WASHINGTON -- President Barack Obama had little trouble convincing Congress -- even Republicans who usually fight tooth and nail against his policies -- to go along with his plan to arm Syrian rebels fighting Islamic State militants. He has also encountered little resistance to his campaign of airstrikes in Iraq and Syria, with leaders from both parties praising his course of action.
But some of the silence is due to the fact that in 2012, Congress lost its loudest anti-war voice: Dennis Kucinich. In an interview with The Huffington Post, Kucinich was incredulous that Congress would allow the president to essentially go to war without insisting on a vote to authorize it.
"We have a constitutional crisis right now," he said. "Congress is failing to hold the administration accountable and failing to insist under its prerogative under Article I, Section 8 of the Constitution, which says that only Congress has the authority to take this country from a position of peace to a position of war."
Congress voted last week to approve Obama's request to aid the Syrian rebels. Just 22 senators, 12 Republicans and 10 Democrats, voted against it. In the House of Representatives, there were 156 "no" votes -- 85 Democrats and 71 Republicans.
"No court is going to protect Congress' right under Article I, Section 8 once Congress funds the war," Kucinich said. "The vote to fund the war was tantamount to a vote to authorize the war."
On Tuesday, the U.S. began bombing Islamic State sites in Syria with a coalition of five Arab partners; it has been striking targeted sites in Iraq since August. As of Wednesday, the U.S. military had conducted 198 airstrikes in Iraq and 20 airstrikes in Syria targeting the terrorist group.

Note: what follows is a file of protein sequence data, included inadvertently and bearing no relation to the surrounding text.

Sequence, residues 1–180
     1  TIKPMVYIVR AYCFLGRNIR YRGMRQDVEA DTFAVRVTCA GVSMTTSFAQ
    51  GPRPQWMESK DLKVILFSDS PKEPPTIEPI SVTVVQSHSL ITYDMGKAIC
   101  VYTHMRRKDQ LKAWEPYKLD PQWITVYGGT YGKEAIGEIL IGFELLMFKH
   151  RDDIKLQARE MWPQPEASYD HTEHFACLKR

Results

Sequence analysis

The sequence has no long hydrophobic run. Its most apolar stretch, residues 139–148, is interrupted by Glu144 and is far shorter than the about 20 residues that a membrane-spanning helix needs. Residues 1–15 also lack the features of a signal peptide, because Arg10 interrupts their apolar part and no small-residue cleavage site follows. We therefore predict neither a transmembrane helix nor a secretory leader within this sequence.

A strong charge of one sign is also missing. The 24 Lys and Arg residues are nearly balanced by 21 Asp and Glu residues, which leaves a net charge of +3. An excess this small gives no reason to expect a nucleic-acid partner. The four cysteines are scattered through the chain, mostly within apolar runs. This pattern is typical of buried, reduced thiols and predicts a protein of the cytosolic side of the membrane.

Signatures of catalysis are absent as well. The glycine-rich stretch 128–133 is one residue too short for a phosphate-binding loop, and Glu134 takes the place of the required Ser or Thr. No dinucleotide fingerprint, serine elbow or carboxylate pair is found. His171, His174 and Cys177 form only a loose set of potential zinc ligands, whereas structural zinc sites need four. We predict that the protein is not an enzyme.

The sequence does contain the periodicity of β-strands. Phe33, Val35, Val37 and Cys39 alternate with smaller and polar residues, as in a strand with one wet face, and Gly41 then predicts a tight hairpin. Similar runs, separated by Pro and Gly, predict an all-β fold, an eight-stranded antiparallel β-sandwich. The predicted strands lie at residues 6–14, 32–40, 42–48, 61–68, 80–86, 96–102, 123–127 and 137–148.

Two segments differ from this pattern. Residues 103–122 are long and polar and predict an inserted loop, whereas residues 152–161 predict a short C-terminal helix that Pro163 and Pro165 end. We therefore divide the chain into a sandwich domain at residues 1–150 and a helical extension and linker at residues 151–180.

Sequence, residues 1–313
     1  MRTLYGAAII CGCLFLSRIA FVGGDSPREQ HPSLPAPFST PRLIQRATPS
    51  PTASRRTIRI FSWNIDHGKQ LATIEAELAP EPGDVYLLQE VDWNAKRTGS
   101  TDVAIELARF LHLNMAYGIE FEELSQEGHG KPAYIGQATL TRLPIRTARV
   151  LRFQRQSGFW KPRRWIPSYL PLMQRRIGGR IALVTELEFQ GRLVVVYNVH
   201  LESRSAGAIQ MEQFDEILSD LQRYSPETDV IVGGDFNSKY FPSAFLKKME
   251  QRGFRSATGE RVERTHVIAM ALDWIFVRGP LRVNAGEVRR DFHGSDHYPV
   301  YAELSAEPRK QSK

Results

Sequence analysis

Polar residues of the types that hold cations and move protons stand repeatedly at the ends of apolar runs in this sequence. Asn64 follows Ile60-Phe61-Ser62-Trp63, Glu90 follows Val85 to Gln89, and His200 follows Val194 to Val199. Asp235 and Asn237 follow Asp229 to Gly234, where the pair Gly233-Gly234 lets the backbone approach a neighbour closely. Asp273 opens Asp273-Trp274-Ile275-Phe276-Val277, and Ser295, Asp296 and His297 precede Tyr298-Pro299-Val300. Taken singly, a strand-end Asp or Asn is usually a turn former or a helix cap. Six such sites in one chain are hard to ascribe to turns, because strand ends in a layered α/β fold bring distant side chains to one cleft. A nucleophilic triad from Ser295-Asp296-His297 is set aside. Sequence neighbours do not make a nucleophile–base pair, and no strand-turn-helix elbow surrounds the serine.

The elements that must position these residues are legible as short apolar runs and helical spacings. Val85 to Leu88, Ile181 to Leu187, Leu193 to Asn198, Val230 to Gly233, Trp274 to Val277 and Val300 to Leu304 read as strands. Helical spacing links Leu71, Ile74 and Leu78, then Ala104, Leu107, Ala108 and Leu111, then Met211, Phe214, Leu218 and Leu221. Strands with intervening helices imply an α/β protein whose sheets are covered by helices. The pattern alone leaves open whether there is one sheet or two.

Congress left for recess without authorizing this new campaign. "The fact that there wasn't a vote on Syria -- and Congress had time to vote -- as to whether or not to cross an international boundary and go to war, that was absolutely contrary to the Constitution of the United States," Kucinich said.
The Obama administration has insisted the president has the authority to carry out the airstrikes under the 2001 and 2002 Authorizations for Use of Military Force. The first one gave the president the authority to "use all necessary and appropriate force against those nations, organizations, or persons he determines planned, authorized, committed, or aided the terrorist attacks that occurred on September 11, 2001." The second addressed the threat posed by Saddam Hussein.
Critics have said that these authorizations are outdated and are not sufficient to justify the current airstrikes, a point Obama has made himself in the past. Although a few lawmakers have been pushing for reauthorization and have criticized their colleagues for leaving town, there was an overwhelming sense of calm Tuesday on Capitol Hill after news of the airstrikes in Syria.
Indeed, one top House Democratic aide suggested to The Huffington Post that the tenor of the debate has changed given the absence of the fiery Democratic congressman from Ohio.